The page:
In short I got done wrong, in my opinion, by Amazon using their affiliate link program “Amazon Associates”. This is partly my story of what happened and partly an explanation of how to prevent it yourself. I do continue to use Amazon links in my blog and I fully believe that others should since it’s a great profit sharing tactic for advertising items you actually use and believe in.
Background – how it went right
As of this article I haven’t blogged much and I’m just getting everything on my new site up and going as well as work on my opensource project: http://www.naosproject.com/. This means I don’t have a ton of posts up here but I’m adding as they come and time permits. My first post was on standing desks here which was the same content that I routinely told people and the same pictures i routinely emailed people. It’s something I really believe in and saved my from having to be on pain killers and/or have back surgery and/or give up computer work. I wrote the post then posted it on HackerNews (this was my first blog post and my first HackerNews post). I had over 500 simultaneous visitors and over 7000 unique page visits in the day (according to Google Analytics) and stayed at the #4 spot on the front page for about an hour.
This really exciting and I even made $20 USD from purchases through Amazon (mostly the Thera Cane which I still use and have hanging on my desk as I type this). This was the greatest success story I could imagine and the fun of it all still fuels me typing posts.
Background – how it went wrong
I’m a big believer that information should be easy to get to, people that will work hard will make use of the information if available, so I want people to know the good because it’s there. I also want people to know the bad because that’s there too.
Process in General
For anyone that’s dealt with this program it is really a pretty terrible sign up experience. I messed up something in the application the first go around and got an email saying: “…Unfortunately, we arent able to review an application once its been rejected. If your website has been further developed and now contains appropriate content, youre welcome to submit another application by using the following URL:…” There is no way to fix an error, but this was early and I simply did a new application correctly and updated all my links on the site to the new ID.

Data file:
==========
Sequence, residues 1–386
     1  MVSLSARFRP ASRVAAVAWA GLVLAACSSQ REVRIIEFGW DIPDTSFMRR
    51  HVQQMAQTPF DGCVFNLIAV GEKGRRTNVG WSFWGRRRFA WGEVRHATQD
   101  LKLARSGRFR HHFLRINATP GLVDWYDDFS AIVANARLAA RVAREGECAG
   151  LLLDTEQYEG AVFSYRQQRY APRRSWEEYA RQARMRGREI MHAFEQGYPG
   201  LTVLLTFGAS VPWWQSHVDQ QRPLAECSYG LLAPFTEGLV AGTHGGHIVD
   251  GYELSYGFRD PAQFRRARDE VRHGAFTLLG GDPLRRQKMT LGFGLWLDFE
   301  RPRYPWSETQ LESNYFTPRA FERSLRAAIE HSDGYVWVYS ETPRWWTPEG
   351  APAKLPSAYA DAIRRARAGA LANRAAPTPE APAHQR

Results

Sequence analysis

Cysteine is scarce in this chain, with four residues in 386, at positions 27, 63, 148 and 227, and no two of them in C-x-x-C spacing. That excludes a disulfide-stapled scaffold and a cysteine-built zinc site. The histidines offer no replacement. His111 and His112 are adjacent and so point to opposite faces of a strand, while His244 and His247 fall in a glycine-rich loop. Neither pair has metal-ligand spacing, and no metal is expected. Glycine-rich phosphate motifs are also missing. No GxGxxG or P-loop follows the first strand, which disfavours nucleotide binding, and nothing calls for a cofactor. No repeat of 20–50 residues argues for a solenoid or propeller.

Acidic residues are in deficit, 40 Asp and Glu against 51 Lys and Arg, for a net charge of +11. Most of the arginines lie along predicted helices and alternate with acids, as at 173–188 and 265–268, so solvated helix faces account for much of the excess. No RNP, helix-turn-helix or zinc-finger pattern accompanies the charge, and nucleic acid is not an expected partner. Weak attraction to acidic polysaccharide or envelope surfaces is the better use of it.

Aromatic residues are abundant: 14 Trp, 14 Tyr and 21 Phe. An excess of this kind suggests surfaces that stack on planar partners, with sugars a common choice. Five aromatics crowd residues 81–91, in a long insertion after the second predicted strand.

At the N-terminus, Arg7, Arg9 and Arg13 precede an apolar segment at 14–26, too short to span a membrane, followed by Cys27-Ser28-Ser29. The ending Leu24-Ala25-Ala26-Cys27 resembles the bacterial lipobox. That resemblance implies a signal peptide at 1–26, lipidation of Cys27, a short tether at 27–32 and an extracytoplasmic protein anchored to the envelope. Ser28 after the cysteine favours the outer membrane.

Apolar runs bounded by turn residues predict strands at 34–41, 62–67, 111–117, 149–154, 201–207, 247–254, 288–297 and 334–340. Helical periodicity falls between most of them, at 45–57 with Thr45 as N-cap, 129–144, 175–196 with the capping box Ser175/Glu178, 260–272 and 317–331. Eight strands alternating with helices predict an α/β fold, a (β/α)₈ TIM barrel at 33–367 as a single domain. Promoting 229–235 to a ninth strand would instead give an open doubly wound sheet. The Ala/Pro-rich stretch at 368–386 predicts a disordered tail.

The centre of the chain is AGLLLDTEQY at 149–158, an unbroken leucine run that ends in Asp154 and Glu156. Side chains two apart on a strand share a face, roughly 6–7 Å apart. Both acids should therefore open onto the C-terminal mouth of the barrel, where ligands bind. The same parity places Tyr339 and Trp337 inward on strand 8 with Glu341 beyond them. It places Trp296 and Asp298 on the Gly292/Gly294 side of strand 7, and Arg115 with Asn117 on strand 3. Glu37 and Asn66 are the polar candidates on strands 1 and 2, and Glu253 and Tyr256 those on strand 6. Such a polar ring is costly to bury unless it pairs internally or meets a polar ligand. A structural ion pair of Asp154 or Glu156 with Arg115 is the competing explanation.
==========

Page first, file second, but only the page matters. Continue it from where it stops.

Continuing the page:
Termination of Account
After the success of my post I received another email that my account had been terminated due to lack of content. This was a huge deflation, I was angry, confused, etc. I called in and received nothing but a “you can reapply when you have more content” message from multiple phone calls. After filling out two different surveys noting the terrible experience I was granting the concession that in sixty days they’ll send the balance that I was owed on an Amazon gift card. Ultimately this was good enough for me to move on, more on that in conclusion.
How you can prevent it from happening to you
The problem I found was that apparently your application isn’t really fully accepted until your first sale (regardless of any email confirmation you may receive). At that moment someone in a call center will take a look and actually check some amount of guidelines (I was told that a blog needs at least five of six posts to be considered enough content).
- If you’re a blog have at least 5 or 6 posts before you sign up for an account
- Sign up and add links
- Get a friend to buy something from your blog to force the application review process
- Sit back and watch Amazon share their profits
I’ve not met my quota so I’ve re-done all my links for a third time and if the money shows up then I’ll call this good enough and move on with my life. Mainly I want people to be aware of this issue and know how to get around it without difficulty.
I’m always reminded of my friend that worked in payments at Amazon who told me about a ticket where a father got a gift card for the value of a car on AutoTrader that they were looking at. What a cool way to give his sixteenth birthday present I thought. Then he explained that Amazon lost the transaction and the guy not only ruined the birthday but lost the money as well (he probably got it back eventually but that guy didn’t work at payments by then so I don’t really know).
For the most part my packages show up in two days, I like the music selection, and they offer almost anything at a pretty good value.
Amazon is a lot like a river; if you are in the middle of it and going with the flow you can get somewhere quickly but when you end up on the edge of the river you will likely get beaten into rocks have your boat destroyed…would you call that “Earth’s most customer–centric river”
Amazon gives customers what they want and they’re fantastic at it, but they don’t actually care about the customer…